UNICEF – how Labour improved children’s lives

…. and how the coalition is making them worse.

UNICEF has just issued an update to its survey of the overall well-being of children in developed nations. The first survey showed Britain at the very bottom of the international league table. The new one shows us in mid-table – 16th out of 29 countries.

So, some progress but still a good deal to do. But what is also interesting about this report is how the material is being reported, misunderstood and distorted by government and commentators.

First there is the timing issue. BBC news presented the league table with 2013 in big type at the top. So the casual viewer might think the data includes the impact of the coalition. But actually not so. The data comes from 2010 and the report tracks “changes in child well-being over the first decade of the 2000s”. In other words it is to all intents and purposes a report card on the Labour government.

In fairness, the BBC’s Mark Easton recognises this in his more detailed coverage (http://www.bbc.co.uk/news/uk-22087974) and concludes that “of course we shouldn’t hang out the bunting and cry “job done!” but there is surely value in considering where and how we have achieved success.”

The report shows a relative improvement in four of the five areas studied – poverty, health, risky behaviour and housing. Given that there was an improvement in most countries, to have improved faster than other countries in quite a few areas is a very good outcome.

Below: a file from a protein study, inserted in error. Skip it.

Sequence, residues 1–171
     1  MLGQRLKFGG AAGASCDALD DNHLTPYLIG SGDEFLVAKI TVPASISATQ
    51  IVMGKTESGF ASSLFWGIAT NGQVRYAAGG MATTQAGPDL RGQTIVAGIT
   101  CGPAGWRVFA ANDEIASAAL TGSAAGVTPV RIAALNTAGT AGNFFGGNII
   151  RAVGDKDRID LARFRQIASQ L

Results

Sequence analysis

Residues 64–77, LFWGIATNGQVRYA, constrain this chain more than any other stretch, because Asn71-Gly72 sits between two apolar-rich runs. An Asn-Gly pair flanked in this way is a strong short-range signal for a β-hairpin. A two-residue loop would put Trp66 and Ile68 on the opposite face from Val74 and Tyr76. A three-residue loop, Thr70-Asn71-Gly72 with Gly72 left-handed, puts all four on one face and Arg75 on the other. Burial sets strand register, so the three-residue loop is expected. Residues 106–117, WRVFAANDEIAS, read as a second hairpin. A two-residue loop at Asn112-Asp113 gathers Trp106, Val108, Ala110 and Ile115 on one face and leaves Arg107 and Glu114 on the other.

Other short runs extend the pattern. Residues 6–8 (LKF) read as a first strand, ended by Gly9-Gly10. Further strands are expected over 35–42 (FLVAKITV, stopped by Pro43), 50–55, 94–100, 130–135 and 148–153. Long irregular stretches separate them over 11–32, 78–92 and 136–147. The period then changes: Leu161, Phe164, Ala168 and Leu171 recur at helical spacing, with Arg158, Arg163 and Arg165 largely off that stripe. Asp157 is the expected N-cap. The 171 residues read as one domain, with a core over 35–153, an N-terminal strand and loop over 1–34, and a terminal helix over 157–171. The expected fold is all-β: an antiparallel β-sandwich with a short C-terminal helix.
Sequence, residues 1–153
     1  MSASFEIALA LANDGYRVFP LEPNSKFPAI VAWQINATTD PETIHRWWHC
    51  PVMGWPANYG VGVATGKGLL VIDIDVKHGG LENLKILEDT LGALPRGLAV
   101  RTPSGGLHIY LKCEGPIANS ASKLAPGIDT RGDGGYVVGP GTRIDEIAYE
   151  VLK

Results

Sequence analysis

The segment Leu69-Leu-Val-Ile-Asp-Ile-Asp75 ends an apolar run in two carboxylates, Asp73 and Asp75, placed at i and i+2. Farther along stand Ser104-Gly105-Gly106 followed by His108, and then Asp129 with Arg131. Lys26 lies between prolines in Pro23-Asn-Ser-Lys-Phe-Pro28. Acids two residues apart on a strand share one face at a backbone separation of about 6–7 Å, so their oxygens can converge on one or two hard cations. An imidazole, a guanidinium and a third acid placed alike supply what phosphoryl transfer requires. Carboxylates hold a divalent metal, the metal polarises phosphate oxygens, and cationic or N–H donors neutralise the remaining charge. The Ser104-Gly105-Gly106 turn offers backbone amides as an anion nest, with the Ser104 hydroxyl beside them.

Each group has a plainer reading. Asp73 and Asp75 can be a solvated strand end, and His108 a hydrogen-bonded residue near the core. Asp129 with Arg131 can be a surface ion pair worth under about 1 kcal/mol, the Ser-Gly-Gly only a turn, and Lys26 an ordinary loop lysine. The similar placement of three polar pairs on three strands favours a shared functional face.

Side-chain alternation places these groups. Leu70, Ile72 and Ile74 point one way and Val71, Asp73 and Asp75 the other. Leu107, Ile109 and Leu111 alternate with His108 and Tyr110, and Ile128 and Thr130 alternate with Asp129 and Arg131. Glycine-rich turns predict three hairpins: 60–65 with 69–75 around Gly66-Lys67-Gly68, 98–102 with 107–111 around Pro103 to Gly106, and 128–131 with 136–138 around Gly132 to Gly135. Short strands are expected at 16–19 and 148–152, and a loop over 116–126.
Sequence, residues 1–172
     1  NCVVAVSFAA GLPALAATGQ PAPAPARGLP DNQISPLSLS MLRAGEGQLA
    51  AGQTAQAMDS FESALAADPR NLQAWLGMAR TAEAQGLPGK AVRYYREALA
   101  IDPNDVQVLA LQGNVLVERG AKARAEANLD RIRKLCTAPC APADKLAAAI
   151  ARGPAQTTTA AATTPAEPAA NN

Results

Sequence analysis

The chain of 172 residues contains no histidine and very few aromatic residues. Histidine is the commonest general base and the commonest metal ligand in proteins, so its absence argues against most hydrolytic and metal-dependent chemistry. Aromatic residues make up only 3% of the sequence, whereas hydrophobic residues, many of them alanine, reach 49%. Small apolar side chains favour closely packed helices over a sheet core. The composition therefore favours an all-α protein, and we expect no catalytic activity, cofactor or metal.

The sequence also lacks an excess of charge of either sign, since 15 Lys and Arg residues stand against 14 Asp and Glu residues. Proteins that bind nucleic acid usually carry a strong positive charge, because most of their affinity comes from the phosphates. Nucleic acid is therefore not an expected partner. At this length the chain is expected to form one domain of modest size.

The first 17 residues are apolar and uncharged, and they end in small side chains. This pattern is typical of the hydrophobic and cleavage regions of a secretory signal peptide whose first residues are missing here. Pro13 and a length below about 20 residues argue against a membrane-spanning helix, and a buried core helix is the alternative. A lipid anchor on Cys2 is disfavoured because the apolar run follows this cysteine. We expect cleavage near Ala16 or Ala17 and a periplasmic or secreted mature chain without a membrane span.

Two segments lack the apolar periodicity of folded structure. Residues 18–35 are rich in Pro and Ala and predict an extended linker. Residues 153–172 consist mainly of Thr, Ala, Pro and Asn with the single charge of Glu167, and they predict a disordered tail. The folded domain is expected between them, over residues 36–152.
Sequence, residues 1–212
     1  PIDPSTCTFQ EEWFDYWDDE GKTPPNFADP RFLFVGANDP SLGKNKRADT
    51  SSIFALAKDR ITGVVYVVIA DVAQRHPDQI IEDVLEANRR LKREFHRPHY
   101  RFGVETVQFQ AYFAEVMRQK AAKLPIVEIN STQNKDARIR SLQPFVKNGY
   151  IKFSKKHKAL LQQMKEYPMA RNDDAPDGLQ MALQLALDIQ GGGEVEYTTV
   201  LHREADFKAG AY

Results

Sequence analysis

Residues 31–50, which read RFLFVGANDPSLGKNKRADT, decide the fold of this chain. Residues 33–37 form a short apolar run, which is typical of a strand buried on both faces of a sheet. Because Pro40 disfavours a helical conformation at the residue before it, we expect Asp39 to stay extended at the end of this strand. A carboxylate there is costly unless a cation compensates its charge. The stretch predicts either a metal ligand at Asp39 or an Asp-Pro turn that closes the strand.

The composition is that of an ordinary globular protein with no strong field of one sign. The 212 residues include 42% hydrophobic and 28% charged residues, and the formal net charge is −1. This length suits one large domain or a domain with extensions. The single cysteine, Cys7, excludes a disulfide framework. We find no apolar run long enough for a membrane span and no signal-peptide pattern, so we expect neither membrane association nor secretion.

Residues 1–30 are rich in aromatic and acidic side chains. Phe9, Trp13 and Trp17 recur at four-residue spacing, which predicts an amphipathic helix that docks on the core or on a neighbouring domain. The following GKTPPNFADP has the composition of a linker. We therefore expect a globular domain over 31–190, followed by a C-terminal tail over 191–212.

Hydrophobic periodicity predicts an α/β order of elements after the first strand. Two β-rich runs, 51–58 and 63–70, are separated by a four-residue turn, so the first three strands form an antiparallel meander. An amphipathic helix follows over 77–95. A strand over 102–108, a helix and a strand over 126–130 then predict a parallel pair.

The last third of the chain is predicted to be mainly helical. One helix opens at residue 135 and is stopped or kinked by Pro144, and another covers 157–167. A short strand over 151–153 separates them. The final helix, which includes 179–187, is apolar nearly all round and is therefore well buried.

The exception is education. No doubt Michael Gove is pricking up his ears. The serious issue however is not achievement (11th out of 29) or pre-school enrolment (8th out of 29) but post 16 participation (bottom) and NEETs (5th from bottom). These are of course areas that were being addressed towards the end of the Labour government with the raising of the participation age. They are also areas that are being watered down by the coalition which does not intend to monitor or enforce post 16 participation.

David Laws produced an absolutely breath-taking comment.   He says that “This report shows that Labour’s approach of simply pouring money into the system without meaningful reform has not been enough. The coalition government is making the vital reforms in childcare, schools and further education needed to improve children’s lives and increase their opportunities.”

So absolutely no recognition of any progress. Just a crude bit of political point scoring which is not remotely justified by the facts. He didn’t of course see fit to mention what UNICEF had to say about the policies of his government. In fact Anita Tiessen, deputy executive director of Unicef UK, said: “There is no doubt that the situation for children and young people has deteriorated in the last three years, with the government making policy choices that risk setting children back in their most crucial stages of development. We know that many are facing a bleaker future. The government needs to acknowledge this and act now.”

One other notable feature of the report is that the USA is close to bottom by most measures despite its overall position as one of the wealthiest countries. Top of the tables generally are the Netherlands and all the Scandinavian countries. Which makes it strange that we have a government committed to following the American model in both education, welfare and rates of inequality.

Surely some mistake?

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